This is also true. I was in high volume manufacturing, so I understand the cost-effectiveness of building things a certain way and why that can make repair near impossible. But it also means a shorter average life-span for many things.

That Staber machine that samclem mentions is designed to be repairable (basic mech timer, etc). I will consider it when the time comes.

I recently tried to salvage a stereo receiver that was acting up and intermittently deciding to just start changing inputs, volume, tuning - all this stuff was controlled by a micro-chip. When I couldn't isolate the problem, I figured, no problem - I can just use it as an amplifier, I'll hard-wire the input jacks to the pre-amp. I only need one input, as I just use a portable player or my laptop as the music source, and I'll give up the tuner.

Not so easy. The micro-chip controlled everything. It apparently did some checks before turning on the power supplies to the amps, and there were feedback loops in all of this. I couldn't find any easy way to bypass this stuff, it was all too interactive. Off to re-cycling, which was a shame, it was just a few years old, and worked 98% of the time.

I replaced it with this:

Dayton Audio DTA-100a Class-T Digital Amplifier 50 WPC Provides Power To Computer Speakers, Bookshelf Speakers, Headphones, And More! 300-383

small, light, efficient, cheap. Kicks out plenty of power for our bedroom system with some small high-quality B&W monitors. Great sound quality. I can't believe you can get this for the money. It's about 1/50th the size of that receiver.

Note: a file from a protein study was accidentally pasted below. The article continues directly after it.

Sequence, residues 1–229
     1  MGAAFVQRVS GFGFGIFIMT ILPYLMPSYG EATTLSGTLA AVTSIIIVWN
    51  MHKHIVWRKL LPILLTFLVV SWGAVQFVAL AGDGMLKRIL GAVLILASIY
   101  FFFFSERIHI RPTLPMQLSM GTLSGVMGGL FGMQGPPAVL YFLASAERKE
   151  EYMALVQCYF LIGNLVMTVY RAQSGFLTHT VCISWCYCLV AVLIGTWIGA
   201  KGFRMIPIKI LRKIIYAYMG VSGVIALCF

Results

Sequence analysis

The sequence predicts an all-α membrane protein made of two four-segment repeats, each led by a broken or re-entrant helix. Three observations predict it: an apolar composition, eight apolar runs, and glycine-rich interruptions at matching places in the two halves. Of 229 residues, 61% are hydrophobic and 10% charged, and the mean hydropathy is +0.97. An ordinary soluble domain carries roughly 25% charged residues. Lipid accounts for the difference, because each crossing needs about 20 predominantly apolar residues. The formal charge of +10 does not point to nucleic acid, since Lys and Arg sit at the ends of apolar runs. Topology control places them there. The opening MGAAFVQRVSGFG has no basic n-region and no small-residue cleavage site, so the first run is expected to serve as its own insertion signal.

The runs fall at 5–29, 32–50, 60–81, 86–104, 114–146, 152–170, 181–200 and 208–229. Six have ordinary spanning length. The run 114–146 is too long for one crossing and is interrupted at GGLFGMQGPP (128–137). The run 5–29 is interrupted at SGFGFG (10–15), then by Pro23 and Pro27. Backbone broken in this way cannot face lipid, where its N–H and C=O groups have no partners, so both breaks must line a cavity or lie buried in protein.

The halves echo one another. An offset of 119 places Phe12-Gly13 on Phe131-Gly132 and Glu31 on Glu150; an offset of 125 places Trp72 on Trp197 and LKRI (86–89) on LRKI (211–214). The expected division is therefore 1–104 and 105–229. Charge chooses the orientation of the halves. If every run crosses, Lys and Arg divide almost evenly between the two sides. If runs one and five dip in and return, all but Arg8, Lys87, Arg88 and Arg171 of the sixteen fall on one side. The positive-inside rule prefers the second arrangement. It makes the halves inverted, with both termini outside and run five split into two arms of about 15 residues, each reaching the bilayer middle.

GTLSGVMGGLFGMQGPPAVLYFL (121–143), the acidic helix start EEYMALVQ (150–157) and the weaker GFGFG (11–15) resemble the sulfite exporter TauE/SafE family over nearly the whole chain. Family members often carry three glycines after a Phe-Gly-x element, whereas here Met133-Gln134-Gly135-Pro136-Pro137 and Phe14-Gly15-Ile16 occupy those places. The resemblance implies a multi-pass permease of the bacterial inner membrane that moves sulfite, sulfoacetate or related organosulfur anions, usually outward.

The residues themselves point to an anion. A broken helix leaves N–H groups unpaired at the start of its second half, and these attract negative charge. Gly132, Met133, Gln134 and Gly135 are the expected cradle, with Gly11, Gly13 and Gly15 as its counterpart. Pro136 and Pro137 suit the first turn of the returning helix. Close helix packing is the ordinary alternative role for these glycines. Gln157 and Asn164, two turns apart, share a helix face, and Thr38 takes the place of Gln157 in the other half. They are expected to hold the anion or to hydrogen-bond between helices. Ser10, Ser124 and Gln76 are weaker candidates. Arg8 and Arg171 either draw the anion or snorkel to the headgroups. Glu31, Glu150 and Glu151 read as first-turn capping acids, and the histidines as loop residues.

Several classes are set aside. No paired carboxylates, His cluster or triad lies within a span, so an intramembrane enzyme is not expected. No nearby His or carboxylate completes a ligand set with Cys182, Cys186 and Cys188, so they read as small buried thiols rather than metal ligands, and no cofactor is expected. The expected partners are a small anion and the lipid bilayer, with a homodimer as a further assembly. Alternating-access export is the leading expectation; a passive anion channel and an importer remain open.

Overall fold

And this one:

Lepai LP-2020A+ Tripath Class-T Hi-Fi Audio Amp w/Power Supp 310-300

to power external speakers for our kitchen TV.

-ERD50
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Old 07-14-2013, 10:51 PM   #9
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I've been working on washing machines for over 35 years. IMO, that washer of your's was the best one ever made. Ditto the Whirlpool/Sears dryer.

With today's Youtube, the homeowner could do 90% of the repairs.
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Old 07-15-2013, 04:27 AM   #10
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Nah, the belt's bad. Throw it away and get a new one.

No seriously, get a new one if you want new features, more efficiency, or it's going to cost more to repair than to buy a new one, but not because it is 27 years old. The great thing about YouTube and internet shopping is that you can fix these things yourself now and cut out the repairman's $100/hr. So your Maytag is likely to last another 27 years more, or as long as you're willing to keep watching YouTube.

I busted the charging USB port on my Android phone a few weeks ago, and I figured I'd need to spend a few hundred dollars to replace it. Well, after a half hour on YouTube and a Google search, I sent $5.99 to a shop for a new USB port and installed the part myself in about a half hour's time. 23 steps to disassemble the phone, and 23 steps to put it back together! As a side benefit, now I know what the inside of my smartphone looks like!
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Old 07-15-2013, 07:46 AM   #11
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... So your Maytag is likely to last another 27 years more, or as long as you're willing to keep watching YouTube.

I busted the charging USB port on my Android phone a few weeks ago, and I figured I'd need to spend a few hundred dollars to replace it. Well, after a half hour on YouTube and a Google search, I sent $5.99 to a shop for a new USB port and installed the part myself in about a half hour's time. 23 steps to disassemble the phone, and 23 steps to put it back together! As a side benefit, now I know what the inside of my smartphone looks like!
I hope it does - from some of the comments here, it sounds like the odds are not too bad that it could last quite a while longer. The average person would have sent this to the landfill, and used more energy to make the replacement. I feel so 'green'!